Entuitive has an ongoing, collaborative commitment to further the field and our own practice in structural fire engineering with a focus on performance-based solutions.
In March 2015, Entuitive announced a fire engineering research project in collaboration with Carleton University that was undertaken as part of Entuitive Engineer Matthew Smith’s graduate studies and supervised by fire engineering expert Dr. John Gales. Since that time, we have actively grown our knowledge of how real fires effect structures. We continue to advance the way we define appropriate fire scenarios for structures, determine realistic temperatures to be expected in the compartments, and assess the resulting performance of the structures from these fire load cases.
The first aspect of assessing a structure for fire is defining what the fuel load could potentially be in that structure and determining the resulting structural temperatures. While CFD models have been well discussed and utilized in the literature, there is potential to use simpler, accepted analytical correlations to define localized or traveling fires in compartments. An approach developed in-house at Entuitive that leverages BIM to define design fires was recently discussed by Matthew Smith and John Gales in Advantage Steel Number 56, a publication by the Canadian Institute of Steel Construction (CISC). Find the full article here.
Matthew and John presented at CISC’s first ever National Steel Symposium earlier this year. Their talk, “Safer and More Economical Building Designs Resulting from Actual Fires”, looked at real fires which contributed to our understanding of real fire dynamics and real structural response to fire, assessed the current state-of-the-art approaches internationally in fire design, and presented principles used in structural fire design. The presentation included preliminary results of Matthew’s graduate studies including lessons learned from a hypothetical Canadian building design that used contemporary structural fire strategies to achieve an alternate solution. The talk received positive feedback from those in attendance and sparked insightful discussion at the evening reception that followed. We are pleased to share that Matthew has since been invited to join the working group for Annex K of CAN/CSA-S16, “Structural design for fire conditions”.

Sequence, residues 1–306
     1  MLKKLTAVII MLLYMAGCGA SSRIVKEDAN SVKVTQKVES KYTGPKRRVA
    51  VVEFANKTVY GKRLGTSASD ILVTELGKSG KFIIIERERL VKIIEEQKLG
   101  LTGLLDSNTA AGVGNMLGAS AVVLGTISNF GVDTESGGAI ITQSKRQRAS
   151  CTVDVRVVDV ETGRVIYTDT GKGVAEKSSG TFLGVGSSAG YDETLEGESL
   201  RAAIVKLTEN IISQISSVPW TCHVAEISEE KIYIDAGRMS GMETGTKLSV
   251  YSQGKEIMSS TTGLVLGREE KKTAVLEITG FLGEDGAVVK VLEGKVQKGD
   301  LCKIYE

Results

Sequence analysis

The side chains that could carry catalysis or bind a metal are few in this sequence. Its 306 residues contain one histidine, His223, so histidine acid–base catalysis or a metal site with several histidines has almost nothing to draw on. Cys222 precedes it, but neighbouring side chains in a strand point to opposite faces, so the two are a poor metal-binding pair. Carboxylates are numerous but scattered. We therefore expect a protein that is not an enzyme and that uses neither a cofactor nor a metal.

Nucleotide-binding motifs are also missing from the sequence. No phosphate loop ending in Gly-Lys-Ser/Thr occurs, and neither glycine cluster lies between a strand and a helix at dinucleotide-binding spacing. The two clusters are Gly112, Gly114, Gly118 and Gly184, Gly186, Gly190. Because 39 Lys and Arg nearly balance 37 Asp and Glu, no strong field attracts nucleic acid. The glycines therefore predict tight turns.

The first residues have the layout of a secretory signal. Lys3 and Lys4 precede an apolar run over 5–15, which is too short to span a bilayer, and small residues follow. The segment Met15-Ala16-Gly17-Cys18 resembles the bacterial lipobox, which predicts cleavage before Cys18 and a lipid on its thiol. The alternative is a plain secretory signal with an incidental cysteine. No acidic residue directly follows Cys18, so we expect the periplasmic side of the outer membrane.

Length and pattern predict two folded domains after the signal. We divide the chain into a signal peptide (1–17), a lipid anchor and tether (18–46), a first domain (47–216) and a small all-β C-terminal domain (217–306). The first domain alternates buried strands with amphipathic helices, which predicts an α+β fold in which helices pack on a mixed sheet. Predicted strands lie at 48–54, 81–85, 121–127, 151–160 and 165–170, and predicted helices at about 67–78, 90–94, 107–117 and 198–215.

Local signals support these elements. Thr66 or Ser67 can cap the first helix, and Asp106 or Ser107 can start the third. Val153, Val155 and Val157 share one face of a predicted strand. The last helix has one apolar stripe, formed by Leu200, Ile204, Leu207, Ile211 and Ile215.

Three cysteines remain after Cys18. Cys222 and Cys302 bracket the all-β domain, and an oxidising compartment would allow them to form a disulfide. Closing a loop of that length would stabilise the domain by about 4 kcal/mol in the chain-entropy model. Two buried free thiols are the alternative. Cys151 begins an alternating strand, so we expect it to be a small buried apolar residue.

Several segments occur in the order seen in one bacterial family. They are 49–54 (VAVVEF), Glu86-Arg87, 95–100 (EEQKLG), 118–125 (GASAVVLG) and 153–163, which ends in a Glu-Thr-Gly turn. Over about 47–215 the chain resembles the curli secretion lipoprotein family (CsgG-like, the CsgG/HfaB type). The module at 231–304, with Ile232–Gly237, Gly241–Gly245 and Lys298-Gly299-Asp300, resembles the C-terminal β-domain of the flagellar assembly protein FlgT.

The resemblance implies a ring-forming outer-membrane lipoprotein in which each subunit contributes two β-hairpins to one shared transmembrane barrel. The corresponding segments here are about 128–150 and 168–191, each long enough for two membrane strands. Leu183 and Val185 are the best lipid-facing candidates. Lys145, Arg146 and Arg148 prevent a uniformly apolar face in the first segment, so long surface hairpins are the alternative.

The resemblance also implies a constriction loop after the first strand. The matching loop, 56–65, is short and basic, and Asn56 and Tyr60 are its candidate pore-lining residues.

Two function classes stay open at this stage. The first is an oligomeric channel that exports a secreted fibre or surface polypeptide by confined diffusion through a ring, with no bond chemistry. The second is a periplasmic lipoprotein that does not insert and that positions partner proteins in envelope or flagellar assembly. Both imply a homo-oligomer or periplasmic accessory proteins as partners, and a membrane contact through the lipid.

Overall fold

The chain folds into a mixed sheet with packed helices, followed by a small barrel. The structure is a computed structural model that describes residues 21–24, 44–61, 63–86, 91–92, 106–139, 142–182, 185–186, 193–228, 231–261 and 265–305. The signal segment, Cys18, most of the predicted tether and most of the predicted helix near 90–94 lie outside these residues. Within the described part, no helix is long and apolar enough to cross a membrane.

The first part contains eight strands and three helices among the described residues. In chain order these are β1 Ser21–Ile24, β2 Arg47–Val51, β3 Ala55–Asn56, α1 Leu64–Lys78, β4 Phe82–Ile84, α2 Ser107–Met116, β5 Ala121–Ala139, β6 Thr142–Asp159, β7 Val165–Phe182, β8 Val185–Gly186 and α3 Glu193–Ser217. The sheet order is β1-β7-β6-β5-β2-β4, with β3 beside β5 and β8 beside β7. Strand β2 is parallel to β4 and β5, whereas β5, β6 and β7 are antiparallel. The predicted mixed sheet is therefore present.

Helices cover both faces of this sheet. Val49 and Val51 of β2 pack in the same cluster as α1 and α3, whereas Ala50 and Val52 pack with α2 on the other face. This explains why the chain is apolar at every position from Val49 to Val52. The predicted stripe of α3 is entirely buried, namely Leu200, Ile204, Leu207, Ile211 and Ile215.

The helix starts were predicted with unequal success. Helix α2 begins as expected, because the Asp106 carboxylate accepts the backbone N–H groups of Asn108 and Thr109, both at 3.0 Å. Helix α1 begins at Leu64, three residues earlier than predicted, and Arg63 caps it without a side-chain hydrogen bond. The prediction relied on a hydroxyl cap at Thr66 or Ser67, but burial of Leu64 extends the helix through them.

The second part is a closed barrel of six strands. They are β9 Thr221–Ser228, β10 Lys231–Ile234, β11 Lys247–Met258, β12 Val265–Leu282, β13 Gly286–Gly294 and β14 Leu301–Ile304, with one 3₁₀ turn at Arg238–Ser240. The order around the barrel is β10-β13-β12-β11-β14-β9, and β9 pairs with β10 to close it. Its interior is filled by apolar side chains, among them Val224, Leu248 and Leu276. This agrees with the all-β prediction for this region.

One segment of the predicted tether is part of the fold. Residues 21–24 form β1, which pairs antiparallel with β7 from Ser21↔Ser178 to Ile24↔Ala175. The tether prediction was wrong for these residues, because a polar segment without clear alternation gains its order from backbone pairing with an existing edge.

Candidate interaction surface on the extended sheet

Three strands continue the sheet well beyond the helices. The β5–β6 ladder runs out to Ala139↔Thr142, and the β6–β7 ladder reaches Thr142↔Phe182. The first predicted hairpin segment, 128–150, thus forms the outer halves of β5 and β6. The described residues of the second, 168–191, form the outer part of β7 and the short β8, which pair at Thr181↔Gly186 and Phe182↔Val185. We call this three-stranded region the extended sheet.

Above: Structural steel building assessed for a traveling fire scenario
Planning to Repair
Once the design fires have been determined in conjunction with all the stakeholders and the structural performance for various fires has been quantified, the question of reparability comes up. Not only must a structure perform during a fire for life safety and property protection, but it is crucial to understand the scope of repair required ahead of time so that tenants and owners can prepare for this in their business continuity planning. For this reason, Entuitive is pleased to announce that it has partnered with John Gales at Carleton University and CISC to secure a multi-year, peer-reviewed NSERC grant that will look at the resiliency of structures for fire in collaboration with European partners. More information on this novel research will be disseminated in the future. In the meantime, the project is looking to engage interested and qualified MASc candidates to help undertake the research. Any interested candidates are encouraged to reach out to Matthew Smith or John Gales to learn more about the project.
Above: Large plastic deformations expected after a real fire
Entuitive has also been successful in engaging with the fire engineering community through membership on the ASCE Fire Protection Committee and the newly formed CSCE Fire Behaviour and Safety of Structures Committee. These committees are currently developing design guidelines for structural fire engineering that will ensure all stakeholders have access to a common industry consensus when producing or evaluating performance-based structural fire designs.